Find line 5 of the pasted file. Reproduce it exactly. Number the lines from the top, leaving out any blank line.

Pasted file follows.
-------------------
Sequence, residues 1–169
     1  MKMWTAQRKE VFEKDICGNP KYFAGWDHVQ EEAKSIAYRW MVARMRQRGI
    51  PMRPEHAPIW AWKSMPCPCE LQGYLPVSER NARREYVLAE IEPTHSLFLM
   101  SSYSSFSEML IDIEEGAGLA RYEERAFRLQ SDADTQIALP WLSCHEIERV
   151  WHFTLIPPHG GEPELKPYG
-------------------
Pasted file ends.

   151  WHFTLIPPHG GEPELKPYG